I ‘ve been reading a book by Thich Nhat Hanh, the great Buddhist teacher of Plum Village in France, where he his presently recovering from a serious stroke. Like all great teachers in modern times, he has become an industry, because his books sell so well. Something of his love and peacefulness, as well as his wisdom is transmitted by his writings, although the books tend to include the same teachings in only slightly different contexts. Maybe this is no bad thing, as it allows the reader to grapple with his central concerns.
The volume I’m reading explores the notion of Jesus and Buddha as spiritual brothers, commending aspects of both faiths to Buddhists and Christians. As always when reading Thich Nhat Hanh I find myself gaining a great deal from his Buddhist insights, but not as much from his reflections on Jesus. Perhaps this is because I am unwilling to change my own image of Jesus. After all this book is happy enough to include the great Buddhist teaching, “If you meet the Buddha on the road, kill him!” a radical injunction which is meant to stop people getting stuck with their own image of the the great teacher. We are not to let the Buddha get in the way of ultimate truth. Can I apply that teaching to Jesus?
Perhaps not in quite the same way. The difference may be that Jesus allowed his earthly life to run out into failure, into a historical atrocity which he did little to prevent. He took the ordinary human risks of challenging the orthodoxies of his people, and they met him on the road and killed him. St. Paul interpreted his whole life as a process of self-emptying in order that God’s love for his creatures could become visible. The historical Buddha inasmuch as we can know him, also seems to have emptied himself, but the reality of his earthly life has been lost in the various philosophical myths of Buddhist tradition. Some would doubtless make the same criticism of the story of Jesus, but in fact Christian theology has explored that issue for 200 years now, and become good at separating what is historical from the faith of the church without rejecting either. Some of what Christians know about Jesus is blunt fact, which cannot be changed or circumvented.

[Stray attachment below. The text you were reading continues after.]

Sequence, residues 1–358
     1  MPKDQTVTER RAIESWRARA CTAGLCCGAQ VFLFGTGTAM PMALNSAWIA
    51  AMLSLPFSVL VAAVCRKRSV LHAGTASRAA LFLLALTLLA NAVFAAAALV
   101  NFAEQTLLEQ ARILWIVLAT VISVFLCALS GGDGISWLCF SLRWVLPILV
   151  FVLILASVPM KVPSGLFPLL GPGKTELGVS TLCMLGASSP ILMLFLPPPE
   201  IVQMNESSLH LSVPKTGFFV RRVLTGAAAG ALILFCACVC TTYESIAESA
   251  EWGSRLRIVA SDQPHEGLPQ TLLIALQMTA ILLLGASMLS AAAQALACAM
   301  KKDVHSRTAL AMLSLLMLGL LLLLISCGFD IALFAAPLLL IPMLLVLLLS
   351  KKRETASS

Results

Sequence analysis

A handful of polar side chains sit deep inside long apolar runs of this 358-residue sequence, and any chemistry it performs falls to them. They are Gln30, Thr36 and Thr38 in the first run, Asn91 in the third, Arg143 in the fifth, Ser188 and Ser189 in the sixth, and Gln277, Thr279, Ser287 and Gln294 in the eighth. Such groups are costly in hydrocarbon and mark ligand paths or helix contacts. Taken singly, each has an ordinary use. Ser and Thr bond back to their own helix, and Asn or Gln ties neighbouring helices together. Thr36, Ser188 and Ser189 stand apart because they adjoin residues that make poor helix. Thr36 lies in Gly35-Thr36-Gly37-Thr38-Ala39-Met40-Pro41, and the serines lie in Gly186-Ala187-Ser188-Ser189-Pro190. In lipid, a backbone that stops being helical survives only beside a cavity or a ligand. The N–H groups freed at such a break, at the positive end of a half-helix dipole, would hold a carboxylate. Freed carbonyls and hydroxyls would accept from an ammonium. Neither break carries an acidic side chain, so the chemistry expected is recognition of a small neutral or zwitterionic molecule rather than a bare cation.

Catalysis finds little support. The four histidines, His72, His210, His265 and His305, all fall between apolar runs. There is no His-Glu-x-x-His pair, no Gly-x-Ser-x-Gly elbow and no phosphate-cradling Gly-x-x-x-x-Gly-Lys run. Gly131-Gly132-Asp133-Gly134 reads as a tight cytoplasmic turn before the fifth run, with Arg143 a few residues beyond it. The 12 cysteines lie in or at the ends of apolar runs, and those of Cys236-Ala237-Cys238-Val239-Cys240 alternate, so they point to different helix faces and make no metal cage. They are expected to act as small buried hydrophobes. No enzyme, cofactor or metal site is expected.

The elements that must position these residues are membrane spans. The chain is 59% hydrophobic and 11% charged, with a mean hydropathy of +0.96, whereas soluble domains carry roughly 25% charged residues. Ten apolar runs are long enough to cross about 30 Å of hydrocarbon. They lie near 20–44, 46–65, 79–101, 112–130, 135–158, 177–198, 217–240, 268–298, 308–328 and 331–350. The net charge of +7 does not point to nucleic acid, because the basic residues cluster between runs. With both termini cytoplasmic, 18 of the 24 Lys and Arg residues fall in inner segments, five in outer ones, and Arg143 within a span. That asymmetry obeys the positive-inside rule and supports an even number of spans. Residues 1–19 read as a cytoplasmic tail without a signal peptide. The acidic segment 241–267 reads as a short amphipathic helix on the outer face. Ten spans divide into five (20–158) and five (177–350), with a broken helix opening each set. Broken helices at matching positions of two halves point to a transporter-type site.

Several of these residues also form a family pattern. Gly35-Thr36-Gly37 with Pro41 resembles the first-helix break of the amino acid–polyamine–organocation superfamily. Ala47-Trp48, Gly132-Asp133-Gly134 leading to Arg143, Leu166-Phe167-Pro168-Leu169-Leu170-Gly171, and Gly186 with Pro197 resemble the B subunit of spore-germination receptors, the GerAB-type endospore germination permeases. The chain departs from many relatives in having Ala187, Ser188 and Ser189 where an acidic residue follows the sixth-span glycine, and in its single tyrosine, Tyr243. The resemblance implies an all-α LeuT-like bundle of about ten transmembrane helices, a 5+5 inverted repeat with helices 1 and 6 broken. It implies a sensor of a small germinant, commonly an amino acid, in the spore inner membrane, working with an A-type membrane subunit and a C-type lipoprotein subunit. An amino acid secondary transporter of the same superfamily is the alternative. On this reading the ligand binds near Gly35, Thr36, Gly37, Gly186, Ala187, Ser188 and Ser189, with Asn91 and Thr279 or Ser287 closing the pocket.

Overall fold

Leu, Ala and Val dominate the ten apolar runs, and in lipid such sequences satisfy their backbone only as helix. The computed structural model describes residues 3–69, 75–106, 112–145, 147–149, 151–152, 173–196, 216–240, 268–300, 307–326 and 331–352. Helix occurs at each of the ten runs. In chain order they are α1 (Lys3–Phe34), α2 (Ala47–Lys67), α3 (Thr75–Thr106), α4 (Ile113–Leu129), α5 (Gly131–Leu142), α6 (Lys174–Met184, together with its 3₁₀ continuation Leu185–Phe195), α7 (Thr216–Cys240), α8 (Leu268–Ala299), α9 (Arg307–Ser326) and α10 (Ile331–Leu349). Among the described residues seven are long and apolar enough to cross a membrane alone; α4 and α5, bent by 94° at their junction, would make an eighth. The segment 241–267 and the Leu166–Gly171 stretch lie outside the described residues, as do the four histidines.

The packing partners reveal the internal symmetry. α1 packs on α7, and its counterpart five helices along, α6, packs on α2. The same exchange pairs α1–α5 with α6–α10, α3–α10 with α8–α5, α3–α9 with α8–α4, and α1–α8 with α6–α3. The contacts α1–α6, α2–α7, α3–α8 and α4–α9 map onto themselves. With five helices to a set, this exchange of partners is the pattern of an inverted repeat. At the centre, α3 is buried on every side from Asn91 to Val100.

Thich Nhat Hanh writes that he does not like the image of Jesus on the cross. I too have reservations about what I as a protestant Christian, identify as Roman Catholic piety, with its crucifixes and carrying of crosses. After all, we believe in Jesus’ resurrection. But given that his execution by the Roman punishment of crucifixion, as a failed Jewish messiah, is one of the best supported historical facts of the Christian tradition, I can’t imagine any genuine form of Christian faith that did not see it as fundamental.
Buddhism begins and ends with the issue of suffering as recognised by the Buddha as THE problem of being alive. His “noble path” is designed to lead its practitioners from suffering to liberation. All schools of Buddhism agree on this aim, although they disagree about the best methods of achieving it. So I can see that the image of Jesus on the cross may be offensive to a true Buddhist, if it encourages believers to get stuck just at the point from which they should be moving on. Now there is a Christian piety which describes Jesus desiring crucifixion as a sacrifice which would allow God’s wrath to be appeased and forgiveness offered to humanity. Indeed it’s easy to misread the Gospel of John is this way. A better line of interpretation is to see that the way of Jesus, his expression of God’s love in word and action, always puts its followers at risk, as it is unlikely to be popular anywhere. Jesus did not desire his torture and death but rather the open communication of God’s goodness; his execution is the cost of his uncompromising desire, not an end in iteself. Yes, his dying can be seen as sacrificial, but it is a pouring out of life for the sake of his mission, of which his resurrection is the sign of God’s approval.
For St Paul, self-emptying is an existential commitment to God’s goodness, not an intellectual practice as it has become in some forms of Buddhism. I do not think this is true of Thich Nhat Hanh, who has throughout his life poured out himself for the benefit of others, with great courage and compassion. But I think he resents the stubborn fact of Jesus’ suffering, which Christians will not leave behind: the risen body of Jesus still bears the wounds of his execution. They do not want to leave it behind because for them it signals God’s presence in the suffering of his creatures, not just as an act of sympathy but as a way by which they may share his eternal life. And yes, in heaven , the tears are all wiped away, but they are not dismissed as unreal.
Buddhism is a profound revelation of wisdom, but it has become the ideal religion for busy capitalists, who benefit from its mindfulness training and meditation while neglecting its teachings on compassion. Its denial of a “real self” fits well with capitalism’s denial of meaningful life to both its devotees and its victims. Thich Nhat Hanh has throughout his pilgrimage shown his own commitment to the fruitful life of all creatures, including the victims of war and oppression. I think there is an issue to do with the intersection of fact and faith, history and mystery, which demands his further consideration.
But this is an impertinent suggestion for me to make to one whose life is more Christlike than mine, and perhaps than his own comments about Christ.